State News

Despite vote against resolution banning Native American mascots in high schools, activists still push for change

While 30 Wisconsin high schools still use Native American mascots, activists are hopeful for change after 18 school boards and the 11 Native American tribes cosigned a resolution banning the supposedly offensive representation.

While 30 Wisconsin high schools still use Native American mascots, activists are hopeful for change after 18 school boards and the 11 Native American tribes cosigned a resolution banning the supposedly offensive representation.

Image By: Max Homstad

Wisconsin school boards voted against a ban of Native American mascots at the Wisconsin Association of School Boards’ meeting Jan. 22, despite a lot of activist support.

While all 11 of Wisconsin’s federally recognized tribes and 18 different Wisconsin school boards — an unusually large amount of cosigners — signed in support of the resolution to ban the use of Native American names, the WASB still voted 218-101 against the resolution. 

“I figured [the delegates] would go to the data and leave their personal opinions out of it,” said Tricia Zunker, Wausau School Board president and member of the Ho-Chunk Nation to The Post-Crescent. She is also the Democratic candidate for the 7th Congressional District seat.

There are currently 28 school districts that still use a race-based mascot. Many of these logos depict images borrowed from Native American cultures such as sacred objects or traditional dress.

The efforts to ban the use of Native American mascots, symbols, images, logos and nicknames began in August when Wausau's school board authored the one of the first state resolutions to do so.

Despite the failed resolution, some activists — like Barbara Munson, chairperson of the Wisconsin Indian Education Association’s Indian Mascot and Logo Task Force — were happy the process drew the public’s attention.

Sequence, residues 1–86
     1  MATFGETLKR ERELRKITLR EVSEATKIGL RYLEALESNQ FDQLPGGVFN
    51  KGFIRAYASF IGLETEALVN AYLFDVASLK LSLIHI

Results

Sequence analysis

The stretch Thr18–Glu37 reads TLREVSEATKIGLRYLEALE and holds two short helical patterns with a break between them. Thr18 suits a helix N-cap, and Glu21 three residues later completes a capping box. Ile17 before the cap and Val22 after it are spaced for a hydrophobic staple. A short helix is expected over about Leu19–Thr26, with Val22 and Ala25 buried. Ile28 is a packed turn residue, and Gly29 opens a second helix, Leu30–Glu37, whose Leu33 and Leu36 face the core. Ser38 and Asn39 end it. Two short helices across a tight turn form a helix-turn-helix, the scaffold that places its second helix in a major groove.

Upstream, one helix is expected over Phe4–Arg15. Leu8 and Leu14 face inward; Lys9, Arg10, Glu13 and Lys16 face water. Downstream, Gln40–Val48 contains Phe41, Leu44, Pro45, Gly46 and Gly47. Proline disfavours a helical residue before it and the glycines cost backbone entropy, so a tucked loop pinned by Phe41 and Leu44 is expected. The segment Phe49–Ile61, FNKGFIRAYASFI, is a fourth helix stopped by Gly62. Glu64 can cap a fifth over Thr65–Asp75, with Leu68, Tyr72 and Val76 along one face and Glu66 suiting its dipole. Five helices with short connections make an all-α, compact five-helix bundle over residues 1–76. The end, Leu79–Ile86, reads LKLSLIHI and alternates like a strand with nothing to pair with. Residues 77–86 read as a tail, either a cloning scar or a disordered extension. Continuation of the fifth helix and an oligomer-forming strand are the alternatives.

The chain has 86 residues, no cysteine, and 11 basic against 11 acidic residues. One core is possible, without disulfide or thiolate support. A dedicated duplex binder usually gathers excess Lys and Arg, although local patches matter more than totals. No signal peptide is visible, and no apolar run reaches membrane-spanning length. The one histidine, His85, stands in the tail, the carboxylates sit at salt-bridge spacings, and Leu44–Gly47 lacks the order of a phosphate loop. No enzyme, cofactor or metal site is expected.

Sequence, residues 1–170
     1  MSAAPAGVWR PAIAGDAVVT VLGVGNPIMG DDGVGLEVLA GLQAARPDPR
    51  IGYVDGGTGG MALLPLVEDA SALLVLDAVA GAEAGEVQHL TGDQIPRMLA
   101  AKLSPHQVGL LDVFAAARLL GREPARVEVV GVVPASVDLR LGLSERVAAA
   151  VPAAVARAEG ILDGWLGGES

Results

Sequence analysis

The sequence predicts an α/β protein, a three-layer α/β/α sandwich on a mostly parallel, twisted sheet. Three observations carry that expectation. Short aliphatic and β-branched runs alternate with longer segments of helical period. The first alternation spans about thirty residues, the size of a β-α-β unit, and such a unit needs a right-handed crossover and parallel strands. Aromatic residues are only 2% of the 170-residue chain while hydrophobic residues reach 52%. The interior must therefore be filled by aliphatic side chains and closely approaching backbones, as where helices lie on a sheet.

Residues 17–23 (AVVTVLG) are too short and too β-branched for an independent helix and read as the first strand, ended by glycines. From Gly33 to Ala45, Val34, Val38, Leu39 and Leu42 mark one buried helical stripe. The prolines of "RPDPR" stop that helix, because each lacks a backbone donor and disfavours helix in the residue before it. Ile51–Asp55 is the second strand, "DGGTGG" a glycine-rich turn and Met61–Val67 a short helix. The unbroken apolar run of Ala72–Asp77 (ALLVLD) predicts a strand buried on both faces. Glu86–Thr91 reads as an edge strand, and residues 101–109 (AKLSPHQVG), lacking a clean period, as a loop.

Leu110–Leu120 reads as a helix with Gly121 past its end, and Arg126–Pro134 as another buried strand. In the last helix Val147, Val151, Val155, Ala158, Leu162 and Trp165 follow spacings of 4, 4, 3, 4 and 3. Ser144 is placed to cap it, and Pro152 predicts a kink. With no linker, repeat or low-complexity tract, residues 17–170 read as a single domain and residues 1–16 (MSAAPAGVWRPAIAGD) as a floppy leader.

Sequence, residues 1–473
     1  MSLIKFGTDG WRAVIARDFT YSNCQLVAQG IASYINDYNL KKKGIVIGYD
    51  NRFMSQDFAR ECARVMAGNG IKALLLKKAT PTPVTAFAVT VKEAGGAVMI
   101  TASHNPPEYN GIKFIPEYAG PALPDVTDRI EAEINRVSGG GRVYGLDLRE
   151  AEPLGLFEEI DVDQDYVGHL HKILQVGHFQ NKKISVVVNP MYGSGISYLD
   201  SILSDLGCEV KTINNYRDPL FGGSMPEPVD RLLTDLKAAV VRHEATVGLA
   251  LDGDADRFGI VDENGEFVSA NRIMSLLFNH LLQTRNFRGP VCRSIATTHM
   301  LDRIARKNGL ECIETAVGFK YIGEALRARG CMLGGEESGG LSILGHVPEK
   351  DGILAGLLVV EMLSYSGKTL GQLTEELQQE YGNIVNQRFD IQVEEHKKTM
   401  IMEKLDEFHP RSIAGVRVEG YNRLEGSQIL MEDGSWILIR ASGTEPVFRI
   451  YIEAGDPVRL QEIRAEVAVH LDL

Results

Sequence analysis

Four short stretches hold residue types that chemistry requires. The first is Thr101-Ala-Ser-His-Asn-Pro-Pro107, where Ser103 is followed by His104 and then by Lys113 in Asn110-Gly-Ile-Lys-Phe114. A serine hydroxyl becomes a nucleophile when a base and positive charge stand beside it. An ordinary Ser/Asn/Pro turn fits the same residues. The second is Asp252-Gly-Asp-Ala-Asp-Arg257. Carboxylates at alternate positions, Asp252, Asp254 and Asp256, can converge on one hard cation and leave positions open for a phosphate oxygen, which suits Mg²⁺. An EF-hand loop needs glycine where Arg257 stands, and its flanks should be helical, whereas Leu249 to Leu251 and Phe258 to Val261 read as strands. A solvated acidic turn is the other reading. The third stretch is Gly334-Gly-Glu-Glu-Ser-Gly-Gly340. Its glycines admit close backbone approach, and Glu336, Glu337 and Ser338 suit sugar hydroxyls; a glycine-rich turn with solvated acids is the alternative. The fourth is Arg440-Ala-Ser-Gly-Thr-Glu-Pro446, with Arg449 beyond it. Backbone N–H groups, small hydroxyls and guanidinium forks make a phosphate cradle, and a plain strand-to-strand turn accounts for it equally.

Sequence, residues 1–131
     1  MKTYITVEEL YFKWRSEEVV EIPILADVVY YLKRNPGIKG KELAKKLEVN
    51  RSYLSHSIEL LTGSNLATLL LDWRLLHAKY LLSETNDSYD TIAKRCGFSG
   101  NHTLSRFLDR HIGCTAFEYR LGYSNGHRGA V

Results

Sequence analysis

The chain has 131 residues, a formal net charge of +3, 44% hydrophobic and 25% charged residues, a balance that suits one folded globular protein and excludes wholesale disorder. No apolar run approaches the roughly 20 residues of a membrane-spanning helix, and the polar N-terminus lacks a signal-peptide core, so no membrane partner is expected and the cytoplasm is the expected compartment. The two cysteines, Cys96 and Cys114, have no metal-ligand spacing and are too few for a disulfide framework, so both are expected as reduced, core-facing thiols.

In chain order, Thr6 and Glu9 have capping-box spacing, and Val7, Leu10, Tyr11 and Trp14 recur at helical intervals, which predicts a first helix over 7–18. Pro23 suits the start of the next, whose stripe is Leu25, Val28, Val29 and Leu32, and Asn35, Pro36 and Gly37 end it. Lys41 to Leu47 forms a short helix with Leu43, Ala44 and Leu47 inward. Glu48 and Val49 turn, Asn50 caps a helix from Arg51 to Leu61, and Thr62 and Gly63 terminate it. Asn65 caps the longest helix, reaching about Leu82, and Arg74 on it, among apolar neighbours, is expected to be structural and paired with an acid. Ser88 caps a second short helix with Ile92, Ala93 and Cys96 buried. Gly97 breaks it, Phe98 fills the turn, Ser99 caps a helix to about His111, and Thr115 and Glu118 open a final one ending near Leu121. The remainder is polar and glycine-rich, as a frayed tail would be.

“I was actually pleasantly surprised throughout much of the process, starting out with Wausau school district deciding to bring forward a resolution in the first place,” Munson said. “It brought in a lot of school districts that have never had an opinion aired in this dialogue before.”

The American Psychological Association (APA) called for the retirement of American Indian mascots, symbols, images and personalities in 2005 based on “a growing body of social science literature that shows the harmful effects.” 

Many of the opponents of the resolution are not speaking against this claim, but argue there are other things for the WASB to focus on.

“I don't know that it's a good use of our time to debate the mascot/logo here, and instead focus on local control,” Erika Conner of the Mukwonago School Board said

Munson said she thinks this idea is “ridiculous” and impacts multiple communities, not just the local schools.

“If anything, it’s a case of interscholastic racial discrimination,” Munson said. “No mascot is intended to impact only its own community. Mascots go with teams outside of their own borders and they impact everybody that they meet.”

However, Zunker stated that it is not an issue of local decision-making.

“It is never good educational policy to stereotype against an entire race of people,” Zunker said.

The Oneida Nation Vice Chairman Brandon Yellow Bird Stevens released a statement that said the ban of Native American mascots will only be enacted through policy change.

Despite the need for a legislative change, Munson made it clear the Indian Mascot and Logo Task Force will continue to do what it can to educate and support the ban of Native American mascots.

“As far as what should happen in the future with this dialogue through WASB, I hope it continues,” Munson added. “I think it’s a really interesting start — 101 school districts stepping forward and saying that they felt that mascots should be changed is a real positive thing.”

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